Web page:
Mahina Tiare approached the pass which was about 15 yards across and about 10 yards long. The current coming out of the pass is usually about 6 knots but the highest we saw was only about 3.5 knots. As long as you have a good engine, there is no problem. Just make sure it doesn't stop midway through. The pass has reefs on both sides and these reefs are about one foot deep, with 20 feet in the middle of the pass. Motoring through, we saw the dorsal fins of a few sharks who were on the reefs - very cool to say the least. Once you are in the lagoon, there is still coral navigating to be done with shallow spots about 5 feet deep straight ahead of the pass. We moved to port, then to starboard, back to port and continued on with bow lookouts towards the island about 3 miles away. Once we anchored, Amanda readied herself to jump in and check the lay of the hook and the danger of coral heads once it set when she immediately noticed three black-tip reef sharks in the lagoon. After they were done scoping us out, they went on their way, Amanda jumped in and we all had a nice cool swim and an afternoon nap (we had been on overnight watch from Maupiti and were pretty tired).
The next day we dinghied to shore for a morning walk. We found our way over to the ocean side of the atoll and it was such a difference - very rugged with huge breaking waves and rocky beaches. The lagoon side of the island is flat water with white sandy beaches and beautiful shells.
That afternoon, we each climbed the mast to the second spreaders (about 80 feet high). As fun as it was, it was actually a class. Every sailor has to be comfortable going up the mast in case a halyard breaks, radar beacon needs to be repaired, windex needs to be replaced, steaming light goes out, etc... Baxter had a great time and decided he would take the fast way down and jumped from the spreaders into the water. No mind that we had been feeding the sharks about thirty minutes before hand.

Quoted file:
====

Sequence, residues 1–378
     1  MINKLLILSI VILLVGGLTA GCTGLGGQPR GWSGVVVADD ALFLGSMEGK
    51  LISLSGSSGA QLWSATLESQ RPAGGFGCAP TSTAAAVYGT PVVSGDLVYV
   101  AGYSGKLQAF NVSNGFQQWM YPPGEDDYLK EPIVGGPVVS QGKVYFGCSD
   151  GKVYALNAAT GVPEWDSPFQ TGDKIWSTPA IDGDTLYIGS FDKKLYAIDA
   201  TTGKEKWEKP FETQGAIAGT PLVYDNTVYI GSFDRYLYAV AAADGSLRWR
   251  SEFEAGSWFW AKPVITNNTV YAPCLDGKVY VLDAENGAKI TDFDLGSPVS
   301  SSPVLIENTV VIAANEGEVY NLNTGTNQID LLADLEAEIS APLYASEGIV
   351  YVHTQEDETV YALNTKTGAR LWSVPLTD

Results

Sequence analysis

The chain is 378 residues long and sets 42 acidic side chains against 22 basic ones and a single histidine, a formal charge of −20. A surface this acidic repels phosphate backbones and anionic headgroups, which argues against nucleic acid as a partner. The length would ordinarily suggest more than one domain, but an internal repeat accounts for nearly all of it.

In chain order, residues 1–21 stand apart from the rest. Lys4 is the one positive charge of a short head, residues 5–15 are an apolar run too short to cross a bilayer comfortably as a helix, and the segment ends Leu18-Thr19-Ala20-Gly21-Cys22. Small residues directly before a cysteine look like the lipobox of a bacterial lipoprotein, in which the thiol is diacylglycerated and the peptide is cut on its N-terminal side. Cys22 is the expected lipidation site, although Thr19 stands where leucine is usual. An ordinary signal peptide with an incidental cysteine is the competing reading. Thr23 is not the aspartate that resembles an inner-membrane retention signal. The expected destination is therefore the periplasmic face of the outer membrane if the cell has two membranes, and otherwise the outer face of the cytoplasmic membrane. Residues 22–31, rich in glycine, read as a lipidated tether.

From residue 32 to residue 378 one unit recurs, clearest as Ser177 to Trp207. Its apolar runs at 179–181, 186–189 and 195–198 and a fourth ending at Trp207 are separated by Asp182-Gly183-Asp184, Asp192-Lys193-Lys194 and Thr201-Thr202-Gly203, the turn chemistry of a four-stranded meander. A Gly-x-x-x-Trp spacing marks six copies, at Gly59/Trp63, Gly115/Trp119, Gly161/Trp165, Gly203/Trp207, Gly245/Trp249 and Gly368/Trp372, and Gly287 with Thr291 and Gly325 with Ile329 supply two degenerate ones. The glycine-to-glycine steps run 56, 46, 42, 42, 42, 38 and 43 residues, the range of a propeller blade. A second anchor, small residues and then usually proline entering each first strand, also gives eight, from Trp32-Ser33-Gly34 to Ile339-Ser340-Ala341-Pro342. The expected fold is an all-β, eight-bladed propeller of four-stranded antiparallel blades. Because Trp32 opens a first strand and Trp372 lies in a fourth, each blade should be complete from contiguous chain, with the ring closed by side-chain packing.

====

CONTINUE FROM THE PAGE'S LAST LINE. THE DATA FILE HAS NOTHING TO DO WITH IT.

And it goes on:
Afterwards, we went back ashore and met Hini. John invited her to dinner aboard MTIII that night. In the meantime, on board the boat, we did more MOB drills with the whole crew dodging pearl farm buoys and airing out the sails. Hini later remarked that as she was getting ready for dinner, she was surprised to see us raising the sails and moving - she thought we were leaving and was slightly confused. Dinner with Hini was entertaining. As a collective, the entire crew used our french translation skills to understand and put the conversation together. Hini had a slight accent and was hard to understand. At one point Baxter looked at me and said "I think she just said Dolly Parton sailed on an expedition".
|Part of the engine. You can also see one of the sharks in the top center.|
|Black tip reef shark|
On Thursday morning, Baxter and Annika were on the helm watching the sunrise and spotted Rarotonga reflecting the sunlight about 8 miles out. We pulled into the harbor and moored stern-to (called Med mooring because of its abundance in the Mediterranean Sea). John then went to the Harbor Master and notified customs & immigration of our arrival. It took a few hours to get cleared and then we all headed ashore to stretch our 4-day-old sea legs. Then it was off to dinner at Trader Jack's to celebrate the expedition. We spent that night on the boat and then everyone went separate ways after breakfast Friday morning. Of course, John and Amanda make their home on the boat and they would be preparing for the next 6-member crew and leg three of their expedition (Rarotonga to Western Samoa). The six of us who had crewed on the boat had become friends and really enjoyed sharing the last three weeks together. Though we all had different accommodations across the 25 mile island, we continued to meet every night for dinner and drinks and share stories and laugh together.
Rarotonga is definitely on our list of places to revisit. We stayed at The Cooks Oasis and the kiwi family who runs it could not have been nicer. The room was comfy and clean, they had snorkels and kayaks at your disposal, they arranged a scooter for our transportation during our stay. It was really easy and enjoyable. Rarotonga is simply beautiful. Life is slow-paced, but there is nothing you need that you can't get there. Baxter and I took advantage of our last day on the island and hiked the Cross Island track which climbs up to a ridge to The Needle, the highest point on the island. Towards the top of the hike, the path is so vertical, you are scrambling up tree roots like steps on a staircase. Very good workout and well worth the vantage point at the top.
That night, we had a direct flight to LAX and it was uneventful (the best way to travel). We picked up Kala on July 4th and she was full of wags and kisses, crying and spinning circles she was so happy. We were just as elated to see her and I think she knew it. Salt Lake City is one of the prettiest places on the planet and the Wasatch Mountains had mere remnants of last winter's snow but were mostly a beautiful bright green. As we drove to the house, there were cyclists and runners everywhere and we were excited to get back to an outdoor fitness routine...after we catch up on some sleep, of course.